Last year on Mother’s Day, my brother did one of the simplest, but sweetest, things that any of my siblings have ever done for our mum. Over the years we’ve made her plenty of scruffy cards decorated with stickers and bought her lots of chocolates. I once made her breakfast in bed, arranging some burnt marmite toast, an over-filled bowl of cheerios and a far too milky cup of tea on a tray. But, aged eleven, my brother veered off track and wowed. Using his initiative, he decided to cook her Welsh rarebit for breakfast and, to make it extra-charming, shaped it into two heart shapes. What a load of brownie points he won. He’s always been a mummy’s boy (grgh!).
Ignore my bitterness. Sibling rivalry is an essential. Plus, I’ve learnt a lot from him. In doing this, my brother showed how a small action with careful thought behind it makes a much bigger difference than something roughly done (I bought her a box of Lindor chocolates). Mums are simply the bomb. We want to help you show your mum how much you love and appreciate her, with a thoughtful and stylish gift this Mothering Sunday.
At Rosara, we’ve got a beautiful selection of items that you can choose for your mum. How about some artisan jewellery or fancy chocolate? What about buying her a beautiful, lightweight muslin scarf? Or how about a high quality ceramic mug in enchanting light cream colours? Great for your mum’s cup of coffee in the morning. If you are looking for something really special, why not a limited edition painting from Henrietta Lawson Johnson?
As with all public celebrations, there is a history behind this day. Traditionally, in the 16th century, Mothering Sunday was a time when people returned to the ‘mother’ Church where they were baptized, or attended services when they were children. This reunited families, as adults returned to towns and villages where they grew up and people were said to have gone ‘a-mothering’. It was often the only time that whole families could gather together, due to conflicting working hours. As they walked along country lanes, children would pick wild flowers or violets to take to church, or to give to their mothers. Later, it was custom for young people, working as servants in large houses, to be given a holiday on this day in order to visit their mother. They often took a gift of food or old clothing handed down by their employers. Eventually, this religious tradition evolved into the secular tradition of giving gifts to mothers. The roots of this holiday are therefore Christian, which explains why it is always celebrated on the fourth Sunday of Lent.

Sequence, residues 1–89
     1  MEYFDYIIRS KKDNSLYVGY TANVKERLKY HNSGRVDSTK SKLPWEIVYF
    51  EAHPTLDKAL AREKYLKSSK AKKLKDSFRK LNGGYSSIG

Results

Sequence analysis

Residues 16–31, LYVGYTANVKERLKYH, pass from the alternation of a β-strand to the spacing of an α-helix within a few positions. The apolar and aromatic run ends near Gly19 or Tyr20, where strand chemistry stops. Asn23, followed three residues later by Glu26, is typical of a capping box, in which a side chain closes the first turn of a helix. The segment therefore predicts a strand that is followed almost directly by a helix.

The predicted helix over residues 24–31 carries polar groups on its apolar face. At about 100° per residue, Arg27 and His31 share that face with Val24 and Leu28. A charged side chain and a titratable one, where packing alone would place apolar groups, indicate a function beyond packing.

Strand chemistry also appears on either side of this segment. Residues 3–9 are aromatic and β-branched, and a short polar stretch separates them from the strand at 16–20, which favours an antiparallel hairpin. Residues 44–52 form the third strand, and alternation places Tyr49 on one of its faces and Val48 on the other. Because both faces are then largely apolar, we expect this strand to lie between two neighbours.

Pancakes for brunch or scones for afternoon tea are lovely ways you can treat your mum on this day. Traditionally, the simnel cake is cooked. Consisting of fruit cake with two layers of almond paste and a marzipan icing, this is a fruity and succulent treat. Why not bake this cake to serve for tea? Or, let us do the work for you, and pop in to the Yurt to sample some of Penny’s instead!
Written by Immy Higgins (who is perfecting her cheesy hearts as she writes)